At this point in the collection, DC shoved in a standard issue length tale to kick off the Gothopia storyline that will be taking over Detective Comics for the next few months. Perhaps predictably, it’s the weakest story in the bunch, but thankfully far from a failure. Essentially, Layman and Fabok have set up a narrative in which the entire population of Gotham has been drugged via Poison Ivy and The Scarecrow to think that the darkest city in DC is actually a Metropolis-style utopia. It’s a clever concept, and I suppose that the alternative vision of Gotham fits into this collection of one-off Bat-fantasies, yet I can’t help but wish this issue had been released separately to allow for a few more celebratory shorts from classic Batman writers. I wouldn’t be surprised if that was the initial plan, but this got shoved in when the Dini and Miller stories were cut from the collection. If so, that’s a shame, and even though Gothopia is the low point in the book, at least it shows that 75 years later current Detective Comics continuity is still cranking out intriguing Bat-yarns.
Story 7: Twenty-Seven (Writer: Scott Snyder Artist: Sean Murphy)
Finally, Batman scribe Scott Snyder pops in for a concluding short so fascinating that he proves in 12 short pages why he is the current Bat-master. In a fascinating little slice of thought-experiment sci-fi, Snyder imagines a cyclical endgame for Batman in which Bruce Wayne creates a legacy that leads to the creation of a new Batman every 27 years. It sounds confusing, but when told through the masterful prose of Snyder it’s all easy to swallow and incredibly nourishing. Given that Snyder likes to tease future plotlines (like when his Batman #0 set up the current Zero Year run a full year before it began properly), don’t be surprised if he returns to this concept a few years down the road. And if he does, God-willing, his current The Wake collaborator Sean Murphy will be on board as well because his imaginatively scratchy art style delivers some astounding sci-fi Batmen in a handful of panels here (including some anime and Mad Max-inspired designs that deserve their own spin offs).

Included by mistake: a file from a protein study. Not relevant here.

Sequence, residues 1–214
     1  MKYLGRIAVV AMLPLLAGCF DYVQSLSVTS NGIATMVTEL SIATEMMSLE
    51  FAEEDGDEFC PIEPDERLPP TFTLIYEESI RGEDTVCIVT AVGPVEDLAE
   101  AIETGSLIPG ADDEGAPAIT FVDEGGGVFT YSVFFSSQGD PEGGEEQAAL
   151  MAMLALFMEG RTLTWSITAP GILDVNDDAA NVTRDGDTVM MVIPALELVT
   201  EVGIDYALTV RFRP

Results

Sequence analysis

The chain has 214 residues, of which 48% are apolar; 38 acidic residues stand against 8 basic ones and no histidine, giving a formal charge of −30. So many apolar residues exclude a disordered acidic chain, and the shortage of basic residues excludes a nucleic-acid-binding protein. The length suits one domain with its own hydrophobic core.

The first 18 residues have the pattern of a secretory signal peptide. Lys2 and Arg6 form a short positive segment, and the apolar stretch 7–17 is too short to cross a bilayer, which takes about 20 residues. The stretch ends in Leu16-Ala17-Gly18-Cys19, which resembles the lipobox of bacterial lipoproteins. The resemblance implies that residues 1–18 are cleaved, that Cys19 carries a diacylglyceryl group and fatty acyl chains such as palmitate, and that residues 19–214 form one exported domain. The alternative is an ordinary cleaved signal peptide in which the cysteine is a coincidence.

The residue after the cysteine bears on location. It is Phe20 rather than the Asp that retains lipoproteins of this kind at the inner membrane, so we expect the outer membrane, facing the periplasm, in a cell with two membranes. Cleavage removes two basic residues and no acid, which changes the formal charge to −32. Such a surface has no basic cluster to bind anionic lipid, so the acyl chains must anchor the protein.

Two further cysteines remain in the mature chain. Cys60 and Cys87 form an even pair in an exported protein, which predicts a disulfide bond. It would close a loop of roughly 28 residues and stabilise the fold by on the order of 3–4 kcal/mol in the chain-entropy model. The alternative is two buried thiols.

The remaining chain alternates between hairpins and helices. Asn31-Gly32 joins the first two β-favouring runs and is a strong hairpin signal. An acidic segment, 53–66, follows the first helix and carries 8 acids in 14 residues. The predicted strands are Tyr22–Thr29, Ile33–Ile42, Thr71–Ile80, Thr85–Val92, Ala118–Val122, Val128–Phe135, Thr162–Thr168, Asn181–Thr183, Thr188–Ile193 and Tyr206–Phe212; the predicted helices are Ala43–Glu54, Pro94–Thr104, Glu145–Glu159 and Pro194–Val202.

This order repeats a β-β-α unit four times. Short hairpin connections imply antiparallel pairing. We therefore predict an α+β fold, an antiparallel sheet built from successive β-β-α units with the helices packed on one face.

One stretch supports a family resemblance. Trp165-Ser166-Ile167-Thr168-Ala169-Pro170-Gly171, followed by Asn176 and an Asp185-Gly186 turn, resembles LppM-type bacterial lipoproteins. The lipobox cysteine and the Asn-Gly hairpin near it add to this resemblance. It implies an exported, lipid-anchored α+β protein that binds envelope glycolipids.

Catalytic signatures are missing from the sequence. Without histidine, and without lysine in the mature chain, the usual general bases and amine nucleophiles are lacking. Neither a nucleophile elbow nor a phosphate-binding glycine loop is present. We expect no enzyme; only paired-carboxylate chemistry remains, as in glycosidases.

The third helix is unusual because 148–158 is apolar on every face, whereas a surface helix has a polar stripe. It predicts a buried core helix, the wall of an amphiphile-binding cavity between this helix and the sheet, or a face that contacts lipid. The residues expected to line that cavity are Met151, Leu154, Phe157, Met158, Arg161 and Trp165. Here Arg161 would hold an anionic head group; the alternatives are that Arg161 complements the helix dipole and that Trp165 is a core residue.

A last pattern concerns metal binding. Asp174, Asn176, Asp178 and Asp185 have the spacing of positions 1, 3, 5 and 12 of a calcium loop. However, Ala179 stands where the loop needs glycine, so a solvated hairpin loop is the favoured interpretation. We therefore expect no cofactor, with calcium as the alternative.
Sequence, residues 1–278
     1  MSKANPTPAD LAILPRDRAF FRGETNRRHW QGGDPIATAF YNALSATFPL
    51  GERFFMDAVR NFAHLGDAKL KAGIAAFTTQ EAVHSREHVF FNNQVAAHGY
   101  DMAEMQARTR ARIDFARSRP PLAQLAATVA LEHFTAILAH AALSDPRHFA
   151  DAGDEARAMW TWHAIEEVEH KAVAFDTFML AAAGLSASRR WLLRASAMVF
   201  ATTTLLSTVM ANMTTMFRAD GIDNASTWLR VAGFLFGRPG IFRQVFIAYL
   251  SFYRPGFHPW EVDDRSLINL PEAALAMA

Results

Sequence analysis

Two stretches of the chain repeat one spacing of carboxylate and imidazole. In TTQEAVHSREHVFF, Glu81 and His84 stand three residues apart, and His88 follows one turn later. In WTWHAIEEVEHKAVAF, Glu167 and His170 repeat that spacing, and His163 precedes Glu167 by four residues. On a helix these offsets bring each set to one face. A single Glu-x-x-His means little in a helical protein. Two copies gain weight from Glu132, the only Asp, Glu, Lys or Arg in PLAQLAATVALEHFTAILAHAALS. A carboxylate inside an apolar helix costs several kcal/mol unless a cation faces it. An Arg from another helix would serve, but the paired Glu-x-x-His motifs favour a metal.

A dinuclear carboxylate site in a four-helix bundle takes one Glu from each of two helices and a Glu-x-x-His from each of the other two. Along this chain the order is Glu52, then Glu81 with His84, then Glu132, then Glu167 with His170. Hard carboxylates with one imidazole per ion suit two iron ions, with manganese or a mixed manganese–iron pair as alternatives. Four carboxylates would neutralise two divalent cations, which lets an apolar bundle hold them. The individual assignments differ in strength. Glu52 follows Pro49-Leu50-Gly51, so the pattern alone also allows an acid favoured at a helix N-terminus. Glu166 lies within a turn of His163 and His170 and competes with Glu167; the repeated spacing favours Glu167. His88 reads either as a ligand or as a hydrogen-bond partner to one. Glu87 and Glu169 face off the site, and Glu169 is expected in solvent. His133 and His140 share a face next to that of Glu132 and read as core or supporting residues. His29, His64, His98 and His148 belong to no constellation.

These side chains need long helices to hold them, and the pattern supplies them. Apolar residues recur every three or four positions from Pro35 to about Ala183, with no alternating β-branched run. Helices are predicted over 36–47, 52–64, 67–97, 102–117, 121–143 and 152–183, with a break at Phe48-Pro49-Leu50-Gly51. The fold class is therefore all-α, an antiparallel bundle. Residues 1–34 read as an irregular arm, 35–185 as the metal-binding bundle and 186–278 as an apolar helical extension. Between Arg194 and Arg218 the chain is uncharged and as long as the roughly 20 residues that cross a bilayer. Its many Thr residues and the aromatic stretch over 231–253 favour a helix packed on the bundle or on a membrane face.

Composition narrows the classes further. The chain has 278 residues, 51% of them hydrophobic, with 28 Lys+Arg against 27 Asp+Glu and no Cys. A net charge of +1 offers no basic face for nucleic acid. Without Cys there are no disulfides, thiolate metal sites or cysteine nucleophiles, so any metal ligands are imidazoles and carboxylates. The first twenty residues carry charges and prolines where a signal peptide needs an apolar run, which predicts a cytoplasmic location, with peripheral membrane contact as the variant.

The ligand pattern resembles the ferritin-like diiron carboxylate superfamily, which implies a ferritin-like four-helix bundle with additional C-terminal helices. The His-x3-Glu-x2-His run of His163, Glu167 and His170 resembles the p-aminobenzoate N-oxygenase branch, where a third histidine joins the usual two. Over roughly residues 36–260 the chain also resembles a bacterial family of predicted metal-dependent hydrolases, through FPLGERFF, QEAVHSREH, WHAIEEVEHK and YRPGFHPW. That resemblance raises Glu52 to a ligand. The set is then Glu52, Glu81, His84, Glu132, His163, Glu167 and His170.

Aside from a handful of splash page guest art between short stories, that’s it for this special edition Detective Comics 27 collection from the good folks at DC. Is the book perfect? Nope. Would it have been even better had they followed through on the promise of new Paul Dini and Frank Miller Bat-tales? Immeasurably. However, despite those disappointments, this collection is an absolutely wonderful bit of fan service from the good folks at DC that demands a spot on any self-respecting Bat-fan’s shelf. With the exception of Gothopia, every single story in the book is guaranteed to deliver a goofy grin for any Batman lover who flips through the pages. Normally when comic book companies deliver a stunt special issue like this, it’s more of a marketing tactic than anything else. However, Batman is clearly such a special character that all of the creators and editors worked hard to ensure that this prestige issue would be well worth the money that fans were guaranteed to fork over for it. Seek out Detective Comics 27 before hungry readers bag and board every issue on shelves, it’s well worth the time and investment. Batman’s 75-year appeal didn’t happen by accident, and it’s safe to say that the character will thrive for 75 more years until the next anniversary issue. As long as comic books exist, there will be Batman stories told and the medium will be better for it.